Shelf Stories

September 04, 2020

Simon Schmidt: Exploring Design with a Human Touch

8 min. read on:

Multidisciplinary artist Simon Schmidt opens the doors to his London-home, placing his personal spin on the new Type01 colour palette.

A thoroughly modern creative, London-based Simon Schmidt covers all bases when it comes to bringing his ideas to life. A skilled photographer, art director and consultant specialising in digital media, his trademark aesthetic balances pared back and naturalistic visuals with a humorous, tongue in cheek tone.

Everything he creates places the human front and centre, drawing the viewer in through a snapshot of narrative and investigating that essential connection between person and object. With this in mind, we asked Simon to tell the story of the new Tylko Type01 colour palette, following up to find out more about his process and his unique approach to online editorial.

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Can you tell us a little about your background?

My background is that I technically do not have a background in anything. I never went to university or enjoyed any holistic education, which in hindsight probably allowed me to explore the fields of graphic design, fashion and photography very openly. I naturally started taking pictures in my teens noticing an affinity for the visual arts in every possible way.

Uploading my images on the internet, I started tracing a record of what I was doing online and offline – the web acted as a window to a world that I wanted to escape into so I started a website named OWN WAY OF INSPIRATION. Years later, I packed my bags at 17 years old and moved to London. It then evolved very quickly from an internship at a fashion brand, to after a few years, working as Editorial Manager at Cube Collective. I recently made myself independent and now I am braving the free-market as a multidisciplinary visual artist. The journey being worth every hurdle!

How would you describe your work/job to someone who was unfamiliar with it? 

Think of it like a chef who has been handed multiple ingredients that do not really go together, but the challenge is to cook the most delicious meal that people are going to remember and come back for. You always try to bring a narrative around a specific title, how you get there does not really matter.

The relationship between human and design is central to your work, why is this connection so important to you?  

Storytelling becomes very interesting when it connects the dots from opposite ends. There is a certain kind of beauty between a subject and its object, it creates an intricate moment between them, an aspect I feel like we are missing a lot in our marketing-heavy industry nowadays.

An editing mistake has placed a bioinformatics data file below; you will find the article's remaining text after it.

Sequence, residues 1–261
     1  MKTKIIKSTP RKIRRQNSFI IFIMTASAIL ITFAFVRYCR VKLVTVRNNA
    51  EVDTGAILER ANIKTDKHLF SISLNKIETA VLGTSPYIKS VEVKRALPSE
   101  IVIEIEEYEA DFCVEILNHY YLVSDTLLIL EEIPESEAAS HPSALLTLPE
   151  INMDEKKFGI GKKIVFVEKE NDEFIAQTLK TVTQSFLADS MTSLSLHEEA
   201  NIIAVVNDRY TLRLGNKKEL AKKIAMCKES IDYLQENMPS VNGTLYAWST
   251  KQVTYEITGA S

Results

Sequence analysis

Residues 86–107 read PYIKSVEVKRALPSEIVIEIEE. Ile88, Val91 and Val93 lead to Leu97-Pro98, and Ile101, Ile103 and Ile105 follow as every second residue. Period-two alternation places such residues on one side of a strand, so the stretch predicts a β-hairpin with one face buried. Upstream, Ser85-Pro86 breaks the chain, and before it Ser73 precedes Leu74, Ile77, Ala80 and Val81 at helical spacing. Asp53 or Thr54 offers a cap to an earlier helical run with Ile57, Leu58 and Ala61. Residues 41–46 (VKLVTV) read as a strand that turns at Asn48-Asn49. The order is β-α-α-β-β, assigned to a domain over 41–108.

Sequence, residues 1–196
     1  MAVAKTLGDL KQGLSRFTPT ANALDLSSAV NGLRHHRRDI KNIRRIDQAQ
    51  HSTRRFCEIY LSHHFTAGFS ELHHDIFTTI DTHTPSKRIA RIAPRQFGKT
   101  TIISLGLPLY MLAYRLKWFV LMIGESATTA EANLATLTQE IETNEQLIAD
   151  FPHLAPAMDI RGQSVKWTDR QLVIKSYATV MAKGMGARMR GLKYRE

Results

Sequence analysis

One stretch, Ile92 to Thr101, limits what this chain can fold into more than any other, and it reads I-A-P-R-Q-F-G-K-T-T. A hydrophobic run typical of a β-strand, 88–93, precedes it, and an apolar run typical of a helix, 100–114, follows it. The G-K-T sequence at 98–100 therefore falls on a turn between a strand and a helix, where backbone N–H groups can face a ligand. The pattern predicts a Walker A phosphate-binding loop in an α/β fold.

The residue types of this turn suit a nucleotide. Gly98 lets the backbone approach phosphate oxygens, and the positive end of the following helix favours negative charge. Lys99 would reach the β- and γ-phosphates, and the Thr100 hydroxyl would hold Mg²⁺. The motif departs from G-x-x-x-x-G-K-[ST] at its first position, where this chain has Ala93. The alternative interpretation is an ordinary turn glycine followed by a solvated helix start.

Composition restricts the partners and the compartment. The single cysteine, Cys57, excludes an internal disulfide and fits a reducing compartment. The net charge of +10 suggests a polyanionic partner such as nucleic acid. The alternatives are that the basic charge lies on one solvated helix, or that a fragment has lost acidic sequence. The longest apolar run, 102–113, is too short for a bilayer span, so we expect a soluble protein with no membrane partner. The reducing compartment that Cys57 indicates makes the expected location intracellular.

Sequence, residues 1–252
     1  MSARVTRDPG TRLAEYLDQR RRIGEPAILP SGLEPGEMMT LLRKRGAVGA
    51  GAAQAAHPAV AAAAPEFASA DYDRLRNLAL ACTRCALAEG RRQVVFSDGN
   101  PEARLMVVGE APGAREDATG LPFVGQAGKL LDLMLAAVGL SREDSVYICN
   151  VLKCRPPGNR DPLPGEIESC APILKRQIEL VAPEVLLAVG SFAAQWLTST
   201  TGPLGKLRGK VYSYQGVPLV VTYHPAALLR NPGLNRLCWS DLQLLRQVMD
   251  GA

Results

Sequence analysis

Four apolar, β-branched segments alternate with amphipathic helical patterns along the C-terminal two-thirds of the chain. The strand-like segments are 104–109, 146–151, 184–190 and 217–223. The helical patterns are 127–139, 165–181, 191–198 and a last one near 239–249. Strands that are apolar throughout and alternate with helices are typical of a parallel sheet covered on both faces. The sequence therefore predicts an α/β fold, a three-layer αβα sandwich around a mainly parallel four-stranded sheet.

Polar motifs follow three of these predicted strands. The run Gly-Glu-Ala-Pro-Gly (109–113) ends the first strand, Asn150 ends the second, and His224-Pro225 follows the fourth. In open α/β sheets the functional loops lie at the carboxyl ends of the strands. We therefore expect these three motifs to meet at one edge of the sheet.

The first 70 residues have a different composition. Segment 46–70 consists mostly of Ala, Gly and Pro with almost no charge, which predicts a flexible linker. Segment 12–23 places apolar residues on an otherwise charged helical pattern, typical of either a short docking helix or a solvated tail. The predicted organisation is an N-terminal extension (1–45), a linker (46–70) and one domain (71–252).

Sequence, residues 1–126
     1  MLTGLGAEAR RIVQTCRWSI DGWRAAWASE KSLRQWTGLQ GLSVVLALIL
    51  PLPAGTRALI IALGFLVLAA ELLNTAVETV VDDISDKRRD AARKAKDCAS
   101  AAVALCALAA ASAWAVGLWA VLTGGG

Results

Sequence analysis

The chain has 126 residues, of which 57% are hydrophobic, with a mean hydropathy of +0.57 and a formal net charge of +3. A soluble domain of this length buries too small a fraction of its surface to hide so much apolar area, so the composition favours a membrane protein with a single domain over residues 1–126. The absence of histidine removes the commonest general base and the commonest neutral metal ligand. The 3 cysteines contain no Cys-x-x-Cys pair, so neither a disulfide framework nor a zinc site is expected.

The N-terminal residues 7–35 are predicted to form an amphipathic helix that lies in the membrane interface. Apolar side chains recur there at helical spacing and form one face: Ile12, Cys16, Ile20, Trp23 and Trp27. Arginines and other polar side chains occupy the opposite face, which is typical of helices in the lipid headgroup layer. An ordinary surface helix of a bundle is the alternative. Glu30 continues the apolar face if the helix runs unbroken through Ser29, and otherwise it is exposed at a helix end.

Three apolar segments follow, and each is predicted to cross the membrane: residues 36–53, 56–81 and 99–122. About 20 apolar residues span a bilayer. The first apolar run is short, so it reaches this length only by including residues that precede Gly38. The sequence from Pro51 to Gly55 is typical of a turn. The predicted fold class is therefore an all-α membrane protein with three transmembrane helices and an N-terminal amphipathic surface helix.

In social media, we talk or hear a lot about interaction and many authorities look at only numbers in order to prove sales. A genuine link between a subject and its object to ultimately reach its viewer will only become apparent when a subject genuinely encounters and stays in context with its object. What I really enjoy is being able to draw a narrative around a product in order to snap the human’s attention, not only in a superficial way. As soon as the viewer is interested in the story of the product and not only the product itself, maybe that is the point it actually becomes artistic? The ultimate goal is to move people.

Why do you think it’s important to be a multi-disciplinarian in today’s creative landscape?

The world finds itself in a moment of revolution. People being put into a norm or traditional setting try to rebel against it. People working in an office dream of working remotely or freelance. Everyone wants to own and create their identity – digitally and physically. The more freely you can move in and around this revolution, the longer you can survive in my opinion. 

Much of what you produce is focused on social media, what are the advantages of working across these digital platforms?  

I like the digital space a lot for its freedom, its accessibility and its price. We forget the huge advantage of the internet being (almost) for free. Those who have established an online career, who benefit and profit from independent apps and digital platforms, are hugely privileged to always have a global window wide open to showcase what they are working on and I think we are made very aware of that right now in this global pandemic. Even though things have changed and our ability to move around has become more limited, we still somehow have the same access worldwide to share our craft and tell our stories.